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Leaving Granada behind, chased by rain. The twice-weekly ferry to San Carlos starts in the early afternoon, stops off at Altagracia on Isla Ometepe just before dark, then carries on overnight to get to San Carlos and the outlet of Lago Nicaragua at dawn the next morning. We're getting into regular evening rain now, with some afternoon additions.

On Isla Ometepe all is lush and verdant. Many tourists come to climb the twin volcanos that together with a low-lying isthmus make up the island. Unfortunately, the peaks are usually wreathed in cloud, so we contented ourselves with looping-the-loop using the San Domingo beaches as a base. Sarah made the full circuit, with me having to do some 'work' to prevent me doing the full southern part.

Apart from the paved sections between Altagracia, Moyogalpa and Santa Cruz, the rest of the Isla is rocky dirt. There are buses that doggedly work their way all round these sections. Mario, Anita and Sarah make the most of their unloaded bikes to get some speed up

The manufacturer of a certain drug sponsors a sign suggesting that local men don't resort to Turtle eggs to produce the same effect...

After missing each other by less than a day a bit further north in Nicaragua, we've met up with Anita and Mario again. Anita is the proud owner of Sarah's (now) bright orange trailer. Anita and Sarah both love horses, but it was saddeningly difficult to find a pair without ribs sticking out.

Sarah enjoying a change of saddle. She reckons that months of several hours a day would be much easier on a horse than on a bicycle. I think I might have to learn to ride a horse for the next trip!

After an overnight ferry from Altagracia we arrived in San Carlos at dawn. Then came the wait for the onward lancha (river boat) to Los Chiles and the Costa Rican border.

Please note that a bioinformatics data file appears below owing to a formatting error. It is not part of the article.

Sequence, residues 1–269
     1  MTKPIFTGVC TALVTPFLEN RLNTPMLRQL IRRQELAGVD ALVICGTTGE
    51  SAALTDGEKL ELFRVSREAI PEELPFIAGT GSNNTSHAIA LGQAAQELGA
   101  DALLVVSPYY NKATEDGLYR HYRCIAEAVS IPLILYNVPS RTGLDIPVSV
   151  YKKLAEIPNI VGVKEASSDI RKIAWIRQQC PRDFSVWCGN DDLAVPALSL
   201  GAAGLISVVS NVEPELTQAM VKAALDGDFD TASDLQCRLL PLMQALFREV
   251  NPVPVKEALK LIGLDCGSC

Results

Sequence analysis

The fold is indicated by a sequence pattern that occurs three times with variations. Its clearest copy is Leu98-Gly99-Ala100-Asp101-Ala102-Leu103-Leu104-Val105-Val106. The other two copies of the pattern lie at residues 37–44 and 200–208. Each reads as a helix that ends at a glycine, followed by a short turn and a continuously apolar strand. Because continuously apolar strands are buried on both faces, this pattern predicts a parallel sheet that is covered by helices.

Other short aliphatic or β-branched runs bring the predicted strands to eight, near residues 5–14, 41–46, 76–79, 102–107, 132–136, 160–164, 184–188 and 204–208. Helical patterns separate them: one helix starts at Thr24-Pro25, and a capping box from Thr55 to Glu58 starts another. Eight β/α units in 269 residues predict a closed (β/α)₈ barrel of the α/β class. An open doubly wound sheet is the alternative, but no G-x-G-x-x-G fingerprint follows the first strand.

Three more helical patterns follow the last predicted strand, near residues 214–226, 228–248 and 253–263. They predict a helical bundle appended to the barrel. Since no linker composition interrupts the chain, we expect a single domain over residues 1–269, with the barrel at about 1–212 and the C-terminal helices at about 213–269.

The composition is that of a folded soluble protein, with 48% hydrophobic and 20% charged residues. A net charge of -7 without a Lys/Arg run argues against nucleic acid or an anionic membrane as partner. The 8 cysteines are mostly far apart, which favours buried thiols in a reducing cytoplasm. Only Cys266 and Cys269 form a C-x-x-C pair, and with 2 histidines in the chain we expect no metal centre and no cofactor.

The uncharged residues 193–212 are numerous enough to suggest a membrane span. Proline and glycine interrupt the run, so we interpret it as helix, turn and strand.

After repeatedly asking what we needed to pay to put the bikes on the river boat from San Carlos to Los Chiles when we were buying our tickets and being told there wasn't a charge; the man in blue waited until we'd unloaded the bikes before he started hassling us for money. More power to Anita - he didn't get anywhere. We felt even less charitable to him when it turned out he'd not given us the immigration and customs forms we needed to get into Costa Rica... Crossing the border by boat was fun, though not nearly as hassle-free as the others we've done.

We get rained on at 4-5pm every evening. The last couple of days while working out way westward across the north of Costa Rica towards the Nicoya peninsula we've done pretty well for being in the right place to ask for a sheltered campsite when the first drops are threatening. The last one saw us extremely happily camped in an ultra-dry haybarn. After making sure we didn't do anything to set light to his haybales, the elderly farmer left us to it. The place even had electric lighting!

Nicaragua has a couple of big lakes, and the largest has an island in the middle of it. Given that there’s a ferry that goes the length of this lake and that it stops off at the island, our navigational decision seemed obvious. This was helped indeed by a nice quiet border crossing into Costa Rica involving getting our bikes onto a river boat. A much better prospect than the extremely busy road-based crossing that the Panamerican Highway takes.

In the end things weren’t quite as smooth as we’d have hoped, but it was still a nice quirky way of getting from A to B (the Los Chiles border crossing that is). Ometepe’s a nice self-enclosed place to loop the loop, with some nicely rocky roads that challenge the resident buses almost to the limit. It can feel a bit pointless as there’s no forward progress though. We very much enjoyed meeting up with Anita and Mario, a german couple who we’d first met in Chiapas (México), then again at Mayapedal where they bought Sarah’s trailer.

Rain in various forms is a feature of our lives now. Depending on elevation it varies from predictable mid or late-afternoon tropical downpours to more persistant, but lighter british style wetness. Mostly we get plenty of riding time in around it, and because it’s warm, usually ride on through the lighter stuff. Despite its manageability, this and the insects it encourages in abundance are beginning to get us down, so our sights are increasingly set on the mighty mountains of south america.

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